I

What things are within my power? What things are not?

[I]f it concerns anything beyond our power, be prepared to say that it is nothing to you.
— Epictetus
The Enchiridion

What things are within my power? What things are not?

XI

Never say of anything, “I have lost it,” but, “I have restored it.”
— Epictetus
The Enchiridion

XII

If you would improve, lay aside such reasonings as these: “If I neglect my affairs, I shall not have a maintenance; if I do not punish my servant, he will be good for nothing.” For it were better to die of hunger, exempt from grief and fear, than to live in affluence with perturbation; and it is better that your servant should be bad than you unhappy.
— Epictetus
The Enchiridion

XXIV

Let not such considerations as these distress you: “I shall live in discredit and be nobody anywhere.” For if discredit be an evil, you can no more be involved in evil through another than in baseness. Is it any business of yours, then, to get power or to be admitted to an entertainment? By no means. How then, after all, is this discredit?
— Epictetus
The Enchiridion
Let not these thoughts afflict you, I shall live unhonoured and be nobody nowhere. For if want of honour (ἀτιμία) is an evil, you cannot be in evil through the means (fault) of another any more than you can be involved in any thing base.
— Epictetus
The Enchiridion (George Long translation)

These considerations are out of one’s control, and are thus an unpleasing semblance.

XXVIII

If a person had delivered up your body to some passer-by, you would certainly be angry. And do you feel no shame in delivering up your own mind to any reviler, to be disconcerted and confounded?
— Epictetus
The Enchiridion

XLI

It is a mark of want of intellect to spend much time in things relating to the body, as to be immoderate in exercises, in eating and drinking, and in the discharge of other animal functions. These things should be done incidentally and our main strength be applied to our reason.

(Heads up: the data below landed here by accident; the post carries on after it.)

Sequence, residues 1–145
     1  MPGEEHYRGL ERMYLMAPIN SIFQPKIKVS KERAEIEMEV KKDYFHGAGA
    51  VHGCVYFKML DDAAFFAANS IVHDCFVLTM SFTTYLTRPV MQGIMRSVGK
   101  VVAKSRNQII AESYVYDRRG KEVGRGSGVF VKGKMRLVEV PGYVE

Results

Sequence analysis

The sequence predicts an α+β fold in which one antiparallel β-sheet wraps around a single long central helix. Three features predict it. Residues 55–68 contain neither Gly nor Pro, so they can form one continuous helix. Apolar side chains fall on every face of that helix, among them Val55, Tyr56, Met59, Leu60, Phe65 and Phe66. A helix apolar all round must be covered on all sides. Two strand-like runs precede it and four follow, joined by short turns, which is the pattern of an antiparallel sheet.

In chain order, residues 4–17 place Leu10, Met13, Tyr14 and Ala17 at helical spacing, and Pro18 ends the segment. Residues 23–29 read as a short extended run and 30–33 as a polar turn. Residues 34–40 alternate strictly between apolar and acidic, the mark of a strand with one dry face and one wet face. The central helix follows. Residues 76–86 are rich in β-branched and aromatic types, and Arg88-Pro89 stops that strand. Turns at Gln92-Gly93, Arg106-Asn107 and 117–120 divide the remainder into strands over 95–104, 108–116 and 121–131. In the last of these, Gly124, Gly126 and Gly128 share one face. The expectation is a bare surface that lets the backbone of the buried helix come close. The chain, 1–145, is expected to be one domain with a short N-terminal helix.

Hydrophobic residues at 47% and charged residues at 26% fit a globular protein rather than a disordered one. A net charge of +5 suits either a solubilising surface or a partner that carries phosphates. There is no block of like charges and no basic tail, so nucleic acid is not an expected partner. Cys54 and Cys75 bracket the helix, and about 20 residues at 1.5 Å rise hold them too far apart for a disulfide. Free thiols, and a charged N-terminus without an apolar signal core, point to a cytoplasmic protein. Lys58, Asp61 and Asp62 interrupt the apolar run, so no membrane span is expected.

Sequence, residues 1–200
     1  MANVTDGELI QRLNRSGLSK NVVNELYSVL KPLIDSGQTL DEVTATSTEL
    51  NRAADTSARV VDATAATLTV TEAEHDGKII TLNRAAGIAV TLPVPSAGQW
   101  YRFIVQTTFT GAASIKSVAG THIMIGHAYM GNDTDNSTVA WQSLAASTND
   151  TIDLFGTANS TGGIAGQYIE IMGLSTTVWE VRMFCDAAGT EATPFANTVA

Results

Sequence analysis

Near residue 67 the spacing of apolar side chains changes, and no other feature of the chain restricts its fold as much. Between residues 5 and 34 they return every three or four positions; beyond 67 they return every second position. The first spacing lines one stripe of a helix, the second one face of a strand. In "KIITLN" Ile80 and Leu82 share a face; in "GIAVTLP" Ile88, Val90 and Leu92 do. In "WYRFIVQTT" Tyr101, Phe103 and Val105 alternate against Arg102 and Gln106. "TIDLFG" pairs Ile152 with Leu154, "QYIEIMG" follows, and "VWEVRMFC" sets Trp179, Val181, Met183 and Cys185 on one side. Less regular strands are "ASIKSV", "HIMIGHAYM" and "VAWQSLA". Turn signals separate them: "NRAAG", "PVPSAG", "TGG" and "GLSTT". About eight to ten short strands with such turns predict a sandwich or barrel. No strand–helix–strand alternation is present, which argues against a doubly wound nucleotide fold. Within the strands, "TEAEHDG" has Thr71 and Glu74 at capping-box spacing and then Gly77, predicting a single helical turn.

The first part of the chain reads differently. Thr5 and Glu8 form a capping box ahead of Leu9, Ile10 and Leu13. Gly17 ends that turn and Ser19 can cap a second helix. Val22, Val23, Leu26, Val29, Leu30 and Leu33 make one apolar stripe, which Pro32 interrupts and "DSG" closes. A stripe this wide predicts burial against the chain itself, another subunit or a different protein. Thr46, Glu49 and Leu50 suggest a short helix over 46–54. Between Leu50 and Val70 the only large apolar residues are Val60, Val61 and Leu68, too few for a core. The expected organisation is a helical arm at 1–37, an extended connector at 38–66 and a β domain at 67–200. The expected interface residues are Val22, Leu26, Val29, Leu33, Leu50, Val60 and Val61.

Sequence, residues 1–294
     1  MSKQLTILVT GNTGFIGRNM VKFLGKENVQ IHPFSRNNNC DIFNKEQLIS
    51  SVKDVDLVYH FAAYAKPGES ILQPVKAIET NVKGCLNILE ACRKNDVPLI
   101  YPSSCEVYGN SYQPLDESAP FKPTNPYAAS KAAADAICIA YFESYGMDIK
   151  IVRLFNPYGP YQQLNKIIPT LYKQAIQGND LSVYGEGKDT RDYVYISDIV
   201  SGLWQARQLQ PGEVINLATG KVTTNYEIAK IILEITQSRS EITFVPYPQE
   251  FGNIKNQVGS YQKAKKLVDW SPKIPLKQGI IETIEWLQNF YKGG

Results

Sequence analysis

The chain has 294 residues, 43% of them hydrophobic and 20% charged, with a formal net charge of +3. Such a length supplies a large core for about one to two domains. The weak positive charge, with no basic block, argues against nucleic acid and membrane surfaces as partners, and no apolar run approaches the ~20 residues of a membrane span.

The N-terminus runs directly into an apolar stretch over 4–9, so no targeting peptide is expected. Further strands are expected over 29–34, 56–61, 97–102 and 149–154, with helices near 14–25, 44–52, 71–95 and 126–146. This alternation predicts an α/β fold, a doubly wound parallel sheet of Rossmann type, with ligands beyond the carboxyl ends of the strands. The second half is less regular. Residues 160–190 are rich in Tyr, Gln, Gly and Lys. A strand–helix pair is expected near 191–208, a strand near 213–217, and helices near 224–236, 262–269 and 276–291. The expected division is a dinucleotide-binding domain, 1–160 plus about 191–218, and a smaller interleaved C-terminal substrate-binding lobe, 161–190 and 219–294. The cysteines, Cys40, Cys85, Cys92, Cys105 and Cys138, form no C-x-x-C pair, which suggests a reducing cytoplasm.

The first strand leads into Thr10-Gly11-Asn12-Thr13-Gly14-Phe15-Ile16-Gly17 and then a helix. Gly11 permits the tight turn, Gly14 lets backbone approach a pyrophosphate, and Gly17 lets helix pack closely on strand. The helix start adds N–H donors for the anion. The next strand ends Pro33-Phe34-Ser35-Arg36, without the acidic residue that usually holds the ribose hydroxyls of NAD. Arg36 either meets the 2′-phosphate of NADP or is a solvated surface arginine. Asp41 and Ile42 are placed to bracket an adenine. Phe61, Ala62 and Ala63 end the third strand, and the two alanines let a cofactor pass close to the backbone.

— Epictetus
The Enchiridion

XLII

When any person does ill by you, or speaks ill of you, remember that he acts or speaks from an impression that it is right for him to do so. Now it is not possible that he should follow what appears right to you, but only what appears so to himself. Therefore, if he judges from false appearances, he is the person hurt, since he, too, is the person deceived. For if anyone takes a true proposition to be false, the proposition is not hurt, but only the man is deceived. Setting out, then, from these principles, you will meekly bear with a person who reviles you, for you will say upon every occasion, “It seemed so to him.”
— Epictetus
The Enchiridion

XLIII

Everything has two handles: one by which it may be borne, another by which it cannot. If your brother acts unjustly, do not lay hold on the affair by the handle of his injustice, for by that it cannot be borne, but rather by the opposite—that he is your brother, that he was brought up with you; and thus you will lay hold on it as it is to be borne.
— Epictetus
The Enchiridion

This is closely related to XLII in that we have a choice in how we interpret the actions of others; It seemed so to him., He is my brother.

XLVI

Never proclaim yourself a philosopher, nor make much talk among the ignorant about your principles, but show them by actions. …​ For sheep do not hastily throw up the grass to show the shepherds how much they have eaten, but, inwardly digesting their food, they produce it outwardly in wool and milk.
— Epictetus
The Enchiridion

XLVIII

The condition and characteristic of a vulgar person is that he never looks for either help or harm from himself, but only from externals. The condition and characteristic of a philosopher is that he looks to himself for all help or harm. The marks of a proficient are that he censures no one, praises no one, blames no one, accuses no one; says nothing concerning himself as being anybody or knowing anything. When he is in any instance hindered or restrained, he accuses himself; and if he is praised, he smiles to himself at the person who praises him; and if he is censured, he makes no defense. But he goes about with the caution of a convalescent, careful of interference with anything that is doing well but not yet quite secure. He restrains desire; he transfers his aversion to those things only which thwart the proper use of our own will; he employs his energies moderately in all directions; if he appears stupid or ignorant, he does not care; and, in a word, he keeps watch over himself as over an enemy and one in ambush.
— Epictetus
The Enchiridion

References to phases of growth: blaming others, blaming one’s self, blaming noone.